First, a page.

Critics have always had a love affair with 90s punk rock. The uncompromising vision of the genre, the tendency of choosing the underground over the mainstream, the focus on the message rather than musicianship, are all elements rock critics have embraced.
Last time we spoke about the best selling pop punk bands of the 90s. Today, we’ll look back on 5 of the most critically acclaimed punk bands of the same decade. Spoiler alert: No band made both lists.
First of all, what does critically acclaimed mean, actually? While it is hard to measure and define, what these bands do have in common is the fact that rock critics tended to praise their work. This often came in direct opposition to the public’s interest. Also, the difficulty with which the average listener could understand this type of music was, regularly, directly proportional to the rock scribes’ appreciation.
Hailing from Sweden and steadfast in promoting their left-wing politics throughout their career, Refused were one of the most influential hardcore bands of the 90s. Critics loved the group, not least of all for the Refused’s apparent insistence on remaining an underground group.
But, by the time 1998’s The Shape of Punk to come had been released, the group had inched their way into the rock charts. Naturally, they did the only thing that cult favorites can do and they split up. Their legend cast a shadow on many hardcore groups that followed them. All hype aside, Refused may truly be one of the top punk bands of the 90s. Their record still holds up despite a rather flimsy average of late.
The band has subsequently returned, is active today and continues to promote many of the same values. Critics still love them and many of their original fans have stuck around. Their single-mindedness and the influence they have had on many other groups, certainly warrant consideration as one of the greatest punk bands of all time.
If Nirvana dominated the 1990s showed just how much success rock and punk could enjoy, Sonic Youth did the same in terms of the critical praise a single group could receive. Focusing on texture, focused experimentation and wearing their numerous influences on their sleeves, Sonic Youth acted like a guide through rock’s underground.
Few 90s punk bands were cooler and more inventive as far as rock critics were concerned. In fact, the group’s sound is so far-reaching that simply labeling them seems an injustice, in spite of the fact that their philosophies were clearly in alignment with punk rock. Until their demise in 2005, the quartet of Thurston Moore, Kim Gordon, Lee Ranaldo, Steve Shelley danced softly between indie credit and mainstream acceptance.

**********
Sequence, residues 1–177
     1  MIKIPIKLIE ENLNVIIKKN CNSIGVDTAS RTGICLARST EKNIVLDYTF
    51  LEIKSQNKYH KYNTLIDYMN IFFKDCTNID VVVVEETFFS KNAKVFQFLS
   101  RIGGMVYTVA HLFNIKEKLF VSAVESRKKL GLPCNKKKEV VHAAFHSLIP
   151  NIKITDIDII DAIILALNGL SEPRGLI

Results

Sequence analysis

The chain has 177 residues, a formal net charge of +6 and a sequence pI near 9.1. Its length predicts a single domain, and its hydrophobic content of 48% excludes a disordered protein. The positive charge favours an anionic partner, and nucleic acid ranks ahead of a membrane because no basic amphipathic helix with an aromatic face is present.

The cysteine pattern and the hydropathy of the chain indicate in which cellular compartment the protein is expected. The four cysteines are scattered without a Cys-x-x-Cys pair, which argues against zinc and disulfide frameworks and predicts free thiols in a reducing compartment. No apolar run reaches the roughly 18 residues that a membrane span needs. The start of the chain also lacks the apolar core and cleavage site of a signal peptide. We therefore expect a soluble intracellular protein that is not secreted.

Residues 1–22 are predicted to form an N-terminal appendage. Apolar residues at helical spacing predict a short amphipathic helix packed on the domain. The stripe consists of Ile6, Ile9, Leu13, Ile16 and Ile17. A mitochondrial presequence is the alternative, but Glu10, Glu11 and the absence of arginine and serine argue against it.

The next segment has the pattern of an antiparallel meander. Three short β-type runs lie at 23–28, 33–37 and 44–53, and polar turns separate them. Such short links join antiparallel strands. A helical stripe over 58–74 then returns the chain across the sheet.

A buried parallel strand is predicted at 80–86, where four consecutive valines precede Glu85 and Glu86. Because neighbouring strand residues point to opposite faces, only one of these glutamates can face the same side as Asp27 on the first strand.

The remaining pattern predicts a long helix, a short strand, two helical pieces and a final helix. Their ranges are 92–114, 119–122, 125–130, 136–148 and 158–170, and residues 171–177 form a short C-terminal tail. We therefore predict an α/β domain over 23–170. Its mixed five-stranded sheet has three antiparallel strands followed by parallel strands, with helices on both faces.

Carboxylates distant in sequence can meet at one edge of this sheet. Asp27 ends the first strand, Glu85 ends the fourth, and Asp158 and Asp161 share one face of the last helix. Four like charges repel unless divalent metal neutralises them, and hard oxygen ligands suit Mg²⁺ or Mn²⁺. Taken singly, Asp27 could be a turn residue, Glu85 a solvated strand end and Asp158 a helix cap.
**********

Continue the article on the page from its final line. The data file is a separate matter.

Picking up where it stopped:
Other pop-punk bands may have sold more records during the 90s, but few received the admiration of their peers and of the press as Bad Religion. The group recorded numerous well-crafted records, created their own punk rock record label and promoted their core political and religious values throughout their career.
By 1994 the band had even released a hit with the album Stranger than fiction. But, they showed little eagerness to continue crafting pop gems. Instead, they have released punk albums consistently, rarely straying from their vision. For this, the punk rock elite has never really changed its opinion of the Greg Gaffin fronted band.
The Nation of Ulysses
The Nation of Ulysses were a punk rock band that made little impact on the charts. Yet, by 1992, once their brief career had ended, they had influenced countless other punk, indie, and hardcore punk groups.
Formed by rock visionary Ian Svenonius, the band’s sound and ideology were already fully formed by the time of their seminal release 13-Point Program to Destroy America. The critics and the public never truly figured out how serious they should take the group. But, the mystery only helped their reputation. By the time some of the original members had formed Cupid Car Club and The Make-Up, The Nation of Ulysses were already a legendary act cited as direct influences by bands such as At the Drive-In or Jonathan Fire*Eater.
Possibly no other band throughout the adventurous history of punk rock has earned quite the esteem of Fugazi. Founder Ian MacKaye was already well-known in the American underground for his involvement in the groups Minor Threat and The Teen Idles, by the time he had helped form Fugazi.
MacKaye is a man who seems to be able to build interesting 80s & 90s punk rock bands seamlessly. His actions point to a man motivated for the love of the art, rather than for an attraction towards financial gain.
The new group played a blend of hardcore influenced as much by bands like the Bad Brains, the 77 CBGBs’ punk rock superheroes, as by the funk of James Brown. Their straight edge politics and their inflexibility of compromising their ideals for mainstream success helped nurture their notoriety as punk-rock purists. Perhaps no other punk group received as much consistent critical praise throughout the alternative 90s. By 2003 Fugazi had entered into a hiatus that has continued until the present day, leaving behind a nearly spotless discography.
Fugazi’s legacy has never diminished. Part of that is owed to the great, timeless sounding music they recorded. Part of that is likely due to the group members, Ian Mackaye especially, being present at some of punk rock’s key moments in its development.
While punk rock’s commercial appeal continues to vary from one era to the next, one thing is for certain. Quality punk rock music will continue being created and rock critics will continue singing its praises regardless, or in spite, of the public’s interest.